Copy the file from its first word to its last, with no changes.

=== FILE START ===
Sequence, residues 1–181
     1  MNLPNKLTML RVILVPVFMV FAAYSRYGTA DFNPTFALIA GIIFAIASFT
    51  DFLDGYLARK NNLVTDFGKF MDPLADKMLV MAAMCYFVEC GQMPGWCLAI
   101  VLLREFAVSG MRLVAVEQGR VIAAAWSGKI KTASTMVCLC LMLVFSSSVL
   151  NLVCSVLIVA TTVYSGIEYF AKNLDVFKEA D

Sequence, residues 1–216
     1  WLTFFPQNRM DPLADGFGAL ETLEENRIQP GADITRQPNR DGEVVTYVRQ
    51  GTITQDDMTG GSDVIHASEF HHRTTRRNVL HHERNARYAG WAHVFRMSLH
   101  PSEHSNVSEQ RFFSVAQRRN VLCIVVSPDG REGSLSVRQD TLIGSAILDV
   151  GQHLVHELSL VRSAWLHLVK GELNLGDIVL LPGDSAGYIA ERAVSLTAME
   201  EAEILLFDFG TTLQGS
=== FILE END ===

Sequence, residues 1–181
     1  MNLPNKLTML RVILVPVFMV FAAYSRYGTA DFNPTFALIA GIIFAIASFT
    51  DFLDGYLARK NNLVTDFGKF MDPLADKMLV MAAMCYFVEC GQMPGWCLAI
   101  VLLREFAVSG MRLVAVEQGR VIAAAWSGKI KTASTMVCLC LMLVFSSSVL
   151  NLVCSVLIVA TTVYSGIEYF AKNLDVFKEA D

Sequence, residues 1–216
     1  WLTFFPQNRM DPLADGFGAL ETLEENRIQP GADITRQPNR DGEVVTYVRQ
    51  GTITQDDMTG GSDVIHASEF HHRTTRRNVL HHERNARYAG WAHVFRMSLH
   101  PSEHSNVSEQ RFFSVAQRRN VLCIVVSPDG REGSLSVRQD TLIGSAILDV
   151  GQHLVHELSL VRSAWLHLVK GELNLGDIVL LPGDSAGYIA ERAVSLTAME
   201  EAEILLFDFG TTLQGS